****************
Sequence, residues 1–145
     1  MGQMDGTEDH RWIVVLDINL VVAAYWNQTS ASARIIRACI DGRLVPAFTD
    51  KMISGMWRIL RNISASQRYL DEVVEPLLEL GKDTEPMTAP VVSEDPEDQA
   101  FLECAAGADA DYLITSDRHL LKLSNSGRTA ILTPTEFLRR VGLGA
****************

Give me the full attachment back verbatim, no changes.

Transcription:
Sequence, residues 1–145
     1  MGQMDGTEDH RWIVVLDINL VVAAYWNQTS ASARIIRACI DGRLVPAFTD
    51  KMISGMWRIL RNISASQRYL DEVVEPLLEL GKDTEPMTAP VVSEDPEDQA
   101  FLECAAGADA DYLITSDRHL LKLSNSGRTA ILTPTEFLRR VGLGA